This is the first full history of ancient Georgia ever to be written outside Georgia itself. It is also an introduction to the substantial archaeological work that has been carried out in Georgia in recent decades. The principal purpose of the book is to open up ancient Georgia for the world of scholarship at large. It is not only the history of a neglected region, but also a sustained attempt to inform topics and issues that are more familiar to historians of antiquity: the myths of the periphery, particularly of Medea and the Golden Fleece; the Caucasus mountains and their passes; Greek colonization; the Persian, Athenian, and Seleucid empires; Pompey's conquest of Mithridates' empire; the development of the Roman frontier in the eastern Black Sea region; Roman diplomacy in Iberia; the Christianization of Iberia; and Sassanian ambitions in Transcaucasia and Byzantine warfare there.
The author has lived in Georgia for substantial periods during the last decade: he has made extensive use of scholarship in Georgian and Russian, and has first-hand knowledge of most of the sites which he discusses.
not only a first - virtually no one else has tried to construct a complete history of Georgia spanning 550 BC - AD 562 ... This heroic, ground-breaking book is a fine tribute to the cooperation that, almost single-handedly, Braund had brought about between the Georgian and British academic Establishment. Braund, then, has produced a brilliant first.'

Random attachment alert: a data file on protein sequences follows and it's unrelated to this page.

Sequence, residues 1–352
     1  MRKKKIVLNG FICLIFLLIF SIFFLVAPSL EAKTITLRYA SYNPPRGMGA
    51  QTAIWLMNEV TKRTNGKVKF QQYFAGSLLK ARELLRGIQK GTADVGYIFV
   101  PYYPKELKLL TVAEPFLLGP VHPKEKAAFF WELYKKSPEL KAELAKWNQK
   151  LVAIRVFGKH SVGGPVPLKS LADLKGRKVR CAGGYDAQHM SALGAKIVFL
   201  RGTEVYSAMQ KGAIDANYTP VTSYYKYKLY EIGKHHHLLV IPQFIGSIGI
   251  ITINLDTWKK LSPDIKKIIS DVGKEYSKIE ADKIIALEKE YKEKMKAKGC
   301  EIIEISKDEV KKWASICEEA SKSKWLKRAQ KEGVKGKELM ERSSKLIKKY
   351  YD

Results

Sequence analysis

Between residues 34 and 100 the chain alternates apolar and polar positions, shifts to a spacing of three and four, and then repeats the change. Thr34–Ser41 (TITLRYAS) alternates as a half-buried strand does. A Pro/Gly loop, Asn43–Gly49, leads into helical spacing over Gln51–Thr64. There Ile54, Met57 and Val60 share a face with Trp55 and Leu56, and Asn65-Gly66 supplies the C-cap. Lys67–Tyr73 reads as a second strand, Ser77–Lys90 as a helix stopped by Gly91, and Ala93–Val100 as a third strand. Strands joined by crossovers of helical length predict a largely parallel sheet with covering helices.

Peter Jones, Literary Review. Dec '94
`David Braund's presentation of new Georgian archaeological material is invaluable. ... the great virtue of the book is that Braund looks anew at classical sources for the Caucasus. ... Braund's analysis is the most extensive and sensible yet'
Times Literary Supplement
`This book is a standard for all the works to follow on the eastern part of the Black Sea during 550 BC to 562CE, and acts as as introduction to Russian and Georgian scholarship.'
Religious Studies Review
`Braund has much which is new to contribute...'
Greece and Rome Reviews 42
`written by a British scholar, who has an excellent knowledge of the Russian and Georgian languages - an exceptionally rare combination amongst academics outside Georgia itself'
The Classical Review
`remarkable that it should have been written by a British scholar, who has an excellent knowledge of the Russian and Georgian languages - an exceptionally rare combination amongst academics outside Georgia itself ... The book is a beginning for th study of ancient Georgia in modern English language historiography.'
Gocha R. Tsetskhladze, Royal Holloway, University of London, The Classical Review, XLV, 2, '95